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As a recruiter or hiring manager, can you tell us three typical questions that you usually ask to candidates?

Technical as well as non technical questions? Also let us know if these questions apply to senior or junior candidates, or research versus development positions. We are more interested in generic questions (e.g. how do you handle a regression type of problem with 500 variables and 2000 observations), rather than very specific questions (what criteria do you use to split a decision tree, is there a best criterion?)

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I am a 3rd party recruiter, an outside consultant, specializing in the application of analytics to marketing. Unless requested, I do not get into specifics: I am not expected to understand the intricacies of data analysis. My role is to profile the candidate with generic questions:
- Do you specialize in B2B or B2C? The other questions apply to those arenas.
- Tell me about the industry/ markets you have worked in. Are you a specialist in retail? telecomm? banking and finance? Tell me about the demographics of the markets you target.
- What is the measurable ROI of your work? IRR, increase in market share, decrease in market churn, etc.

As we go along, I hone in on these large questions to get a more rounded picture of the application of the candidate's work. But, as I stated above, I typically leave the specific questioning to the hiring manager.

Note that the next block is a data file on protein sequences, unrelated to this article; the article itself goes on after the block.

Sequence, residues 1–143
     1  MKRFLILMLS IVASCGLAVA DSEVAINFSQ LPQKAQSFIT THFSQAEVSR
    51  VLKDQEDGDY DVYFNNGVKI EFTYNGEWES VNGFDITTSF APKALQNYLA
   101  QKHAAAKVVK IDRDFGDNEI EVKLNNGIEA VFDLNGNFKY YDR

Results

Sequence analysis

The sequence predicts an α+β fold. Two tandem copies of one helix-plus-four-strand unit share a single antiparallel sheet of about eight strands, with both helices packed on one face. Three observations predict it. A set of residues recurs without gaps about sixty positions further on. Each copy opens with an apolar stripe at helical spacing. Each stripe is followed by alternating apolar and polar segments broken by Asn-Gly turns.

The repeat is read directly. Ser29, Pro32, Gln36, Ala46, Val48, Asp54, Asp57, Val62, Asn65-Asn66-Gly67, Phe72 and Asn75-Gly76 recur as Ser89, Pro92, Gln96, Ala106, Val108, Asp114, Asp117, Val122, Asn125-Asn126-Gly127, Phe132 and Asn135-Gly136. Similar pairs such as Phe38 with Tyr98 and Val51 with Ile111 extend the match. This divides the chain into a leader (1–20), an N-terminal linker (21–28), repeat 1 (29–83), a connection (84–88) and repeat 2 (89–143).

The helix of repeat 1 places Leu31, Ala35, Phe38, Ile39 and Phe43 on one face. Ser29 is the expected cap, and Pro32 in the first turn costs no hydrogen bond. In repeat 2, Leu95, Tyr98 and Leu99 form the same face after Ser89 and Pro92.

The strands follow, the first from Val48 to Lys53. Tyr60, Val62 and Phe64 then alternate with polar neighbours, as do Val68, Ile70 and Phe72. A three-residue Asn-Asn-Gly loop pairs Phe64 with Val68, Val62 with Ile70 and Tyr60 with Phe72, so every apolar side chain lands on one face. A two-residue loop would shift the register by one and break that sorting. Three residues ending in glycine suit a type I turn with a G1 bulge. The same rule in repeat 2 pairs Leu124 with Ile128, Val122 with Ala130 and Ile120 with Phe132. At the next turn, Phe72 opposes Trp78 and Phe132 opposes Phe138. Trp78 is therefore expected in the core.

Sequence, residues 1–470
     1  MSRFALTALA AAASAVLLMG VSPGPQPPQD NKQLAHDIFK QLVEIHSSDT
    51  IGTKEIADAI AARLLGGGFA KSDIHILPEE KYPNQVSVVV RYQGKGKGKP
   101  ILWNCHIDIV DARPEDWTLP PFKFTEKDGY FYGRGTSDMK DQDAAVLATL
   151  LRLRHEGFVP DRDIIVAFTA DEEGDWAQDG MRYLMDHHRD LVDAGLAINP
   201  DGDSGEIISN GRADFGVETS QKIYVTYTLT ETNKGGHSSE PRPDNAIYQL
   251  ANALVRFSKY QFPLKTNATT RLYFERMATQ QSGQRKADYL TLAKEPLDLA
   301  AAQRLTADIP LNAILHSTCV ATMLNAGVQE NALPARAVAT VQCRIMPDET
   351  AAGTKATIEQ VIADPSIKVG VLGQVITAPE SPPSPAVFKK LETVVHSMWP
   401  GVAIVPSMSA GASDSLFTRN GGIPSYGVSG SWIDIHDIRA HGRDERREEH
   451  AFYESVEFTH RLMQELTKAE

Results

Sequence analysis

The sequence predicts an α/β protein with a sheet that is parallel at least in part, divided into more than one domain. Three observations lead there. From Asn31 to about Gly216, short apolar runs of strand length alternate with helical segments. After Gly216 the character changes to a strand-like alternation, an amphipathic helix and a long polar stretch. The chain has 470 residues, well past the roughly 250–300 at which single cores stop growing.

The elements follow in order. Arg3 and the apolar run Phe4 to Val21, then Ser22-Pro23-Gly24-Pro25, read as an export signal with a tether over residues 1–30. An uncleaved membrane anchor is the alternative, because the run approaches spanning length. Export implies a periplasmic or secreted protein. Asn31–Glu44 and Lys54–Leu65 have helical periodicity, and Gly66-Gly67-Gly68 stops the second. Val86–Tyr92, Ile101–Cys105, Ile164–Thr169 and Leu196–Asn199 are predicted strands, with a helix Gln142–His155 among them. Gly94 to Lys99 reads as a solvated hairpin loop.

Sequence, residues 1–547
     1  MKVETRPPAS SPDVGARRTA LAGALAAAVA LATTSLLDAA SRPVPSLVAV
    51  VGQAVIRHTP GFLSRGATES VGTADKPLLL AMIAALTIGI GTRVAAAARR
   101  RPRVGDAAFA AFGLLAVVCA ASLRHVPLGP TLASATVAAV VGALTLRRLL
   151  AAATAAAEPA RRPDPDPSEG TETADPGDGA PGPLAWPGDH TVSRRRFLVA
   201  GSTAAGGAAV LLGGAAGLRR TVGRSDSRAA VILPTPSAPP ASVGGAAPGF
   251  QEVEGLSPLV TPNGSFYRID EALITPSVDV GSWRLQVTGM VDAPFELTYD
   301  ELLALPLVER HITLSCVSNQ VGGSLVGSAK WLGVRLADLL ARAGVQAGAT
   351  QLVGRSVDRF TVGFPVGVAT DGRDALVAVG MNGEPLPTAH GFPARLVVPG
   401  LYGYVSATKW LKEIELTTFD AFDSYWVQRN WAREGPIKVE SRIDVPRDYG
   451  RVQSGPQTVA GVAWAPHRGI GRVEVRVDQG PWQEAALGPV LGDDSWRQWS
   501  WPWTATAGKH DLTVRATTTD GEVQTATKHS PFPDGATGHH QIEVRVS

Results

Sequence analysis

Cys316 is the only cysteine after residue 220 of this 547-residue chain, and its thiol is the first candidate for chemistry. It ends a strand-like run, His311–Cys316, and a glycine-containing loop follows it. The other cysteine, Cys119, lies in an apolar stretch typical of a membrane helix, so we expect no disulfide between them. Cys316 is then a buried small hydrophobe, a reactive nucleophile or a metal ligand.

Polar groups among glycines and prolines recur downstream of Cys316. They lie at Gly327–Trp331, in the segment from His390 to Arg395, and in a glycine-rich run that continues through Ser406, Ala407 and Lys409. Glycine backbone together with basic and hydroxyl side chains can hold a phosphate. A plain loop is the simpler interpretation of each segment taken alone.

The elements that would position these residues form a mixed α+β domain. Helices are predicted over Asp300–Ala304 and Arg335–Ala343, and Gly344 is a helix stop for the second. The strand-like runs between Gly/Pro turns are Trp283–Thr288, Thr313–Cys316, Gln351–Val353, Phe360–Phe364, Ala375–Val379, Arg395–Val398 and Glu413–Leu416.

Rebecca Wichern
Ilia - I understand your comment. These are just the top three topics my hiring managers want to know about. There's no 'optimal' way to answer these. If I can help a candidate organize their thoughts and their information in advance of our discussion to make the best use of our time together, I'm happy to share my agenda.
ilia - your concern does make sense. I was wondering if there is anything as specific top three questions at all ... based on my experience about hiring it is pretty much depndent on the requirement of the current opening. Of course some genralization is possible ... and given that it'll just be some generalization, it may not actually result in what you are apprehending. For instance, there are interview guides by etc. on investment banking, but that doesn't cause smart and knowledgable candidates to be selected ahead of not so good ones. All it does for candidates, is allows them to focus on more important things. While I agree with you on the fact that an exact set of questions shouldn't be out in the public, some broad guidelines (e.g., frequently used techniques, basic domain expertise - like what one needs to know aout a business, say retail or banking or portfolio risk management, etc.) might just make our life simpler by allowing candidates get better prepared on things we look for while hiring.
You're right about that.

I just wanted to open a discussion on a mor egeneral note somewaht linked to the specific question ... something to put in place a broad based guideline for analytics professional and aspirants.


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